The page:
So why don't people at risk have it on hand?
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Overdoses are the leading cause of accidental deaths in this country and more than half of those overdoses are from opioids. There is a misconception that the recent resurgence of the heroin/opioid problem stemmed from economic problems in inner cities, but addiction in affluent communities in Maine and Massachusetts show that is no longer a "poor people problem."
Naloxone, an FDA-approved opioid overdose-reversal drug, has been a saving grace when it comes to preventing death in a large number of these overdoses. More specifically, Narcan, a naloxone-based nasal spray that is now available in most states without a prescription, can provide emergency care for someone who is overdosing. Still, many of those who should have this drug on hand—because they or a loved one are struggling with addiction—don't. Public health officials fear that many patients don't even know it exists, let alone how it works.
"Since it's an antagonist, it works oppositely of the poisonous drug and reverses the central nervous system depression caused by the drug someone overdosed on," explains forensic chemist Khadijah Balfour-Jeffrey. "First-responders have been carrying [the injected drug] for years, but the nasal spray available to essentially anyone counteracts the overdose in a similar way, blocking brain receptors to reverse an overdose." Because an overdose can kill quickly, a person having an overdose might not be able to wait for a first responder (and we all know that help often takes longer to get to poorer neighborhoods, so low income populations are even more at risk).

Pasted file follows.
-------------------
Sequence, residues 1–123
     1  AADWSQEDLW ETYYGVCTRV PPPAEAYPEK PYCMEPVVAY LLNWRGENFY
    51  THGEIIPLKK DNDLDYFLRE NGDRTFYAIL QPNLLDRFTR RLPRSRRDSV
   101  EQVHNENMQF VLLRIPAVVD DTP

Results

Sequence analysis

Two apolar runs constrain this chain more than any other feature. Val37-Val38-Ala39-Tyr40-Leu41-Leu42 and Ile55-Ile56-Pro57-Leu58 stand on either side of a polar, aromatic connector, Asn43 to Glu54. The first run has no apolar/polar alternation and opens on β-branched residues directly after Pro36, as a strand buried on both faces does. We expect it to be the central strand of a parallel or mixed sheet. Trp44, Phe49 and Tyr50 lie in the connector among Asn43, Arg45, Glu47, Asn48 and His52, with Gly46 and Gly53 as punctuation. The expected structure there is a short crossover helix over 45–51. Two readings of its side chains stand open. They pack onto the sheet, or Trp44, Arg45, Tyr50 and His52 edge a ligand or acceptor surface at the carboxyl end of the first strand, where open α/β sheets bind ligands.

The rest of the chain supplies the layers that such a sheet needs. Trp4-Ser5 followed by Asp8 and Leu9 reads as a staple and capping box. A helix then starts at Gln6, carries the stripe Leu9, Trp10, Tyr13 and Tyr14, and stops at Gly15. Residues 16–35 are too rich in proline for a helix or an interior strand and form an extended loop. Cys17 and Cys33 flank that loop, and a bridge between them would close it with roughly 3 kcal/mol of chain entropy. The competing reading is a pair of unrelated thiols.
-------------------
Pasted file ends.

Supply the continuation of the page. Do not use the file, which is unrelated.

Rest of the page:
As demand for this drug increases, pharmaceutical companies know they can get away with jacking up the price. For now, though, it seems affordable enough for those who are aware of it. "There are a few price points when it comes to Narcan nasal spray," explains Thom Duddy, executive director of communications for Adapt Pharma, which distributes the Narcan nasal spray. The wholesale price for two 4 mg doses is about $125. Then there is the "public interest" pricing, which is for first responders such as law enforcement, EMS workers and community groups; they get a 40 percent discount. That brings the price down to about $75. "But if you or I walk into a pharmacy without a prescription and have health insurance, over 70 percent of people with insurance pay a copay of ten dollars or less. We haven't raised our prices for Narcan since [it was approved in] 2015," he says.
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Along with pharmaceutical companies and lawmakers, pharmacies and nonprofits are finding ways to step in. CVS Pharmacies offer $35 off Narcan if the patient does not have insurance. Adapt Pharma and the Clinton Foundation pledged 40,000 doses of free Narcan to college campuses to curb fatalities and spread awareness. A 2015 study shows that 16 percent of college students have tried opioids without a prescription and 37 percent said they would not know where to go if they had an opioid problem. For the young, old, rich or poor alike, education is key.
"It would be nice to assume that people are taking a more proactive approach in purchasing Narcan for themselves or family members, but hindsight is 20/20," says Tim Pierce, a Virginia Beach-based pharmacist. "There are external factors such as out-of-pocket expenses, insured versus uninsured and the willingness of an individual in wanting to have an opioid antagonist on hand," he says.
Pierce also asserts that for a lower-income population, a number of factors go into access to Narcan at an affordable price. Are they covered by Medicaid, for example? For those that don't have any type of insurance, Adapt Pharma and retail pharmacies have partnered to decrease costs for uninsured individuals or those who choose to pay cash for the drug—it can be as low as $38 a dose. But it may be awareness rather than the cost that is the determining factor as to whether someone lives or dies from an overdose.
"I find it interesting that I have not seen many prescriptions written by providers for Narcan in conjunction with a written prescription for an opioid being used to target acute, chronic or breakthrough pain," Pierce says. Especially for someone who has struggled with opioid dependency in the past, taking a preventative approach could be invaluable.
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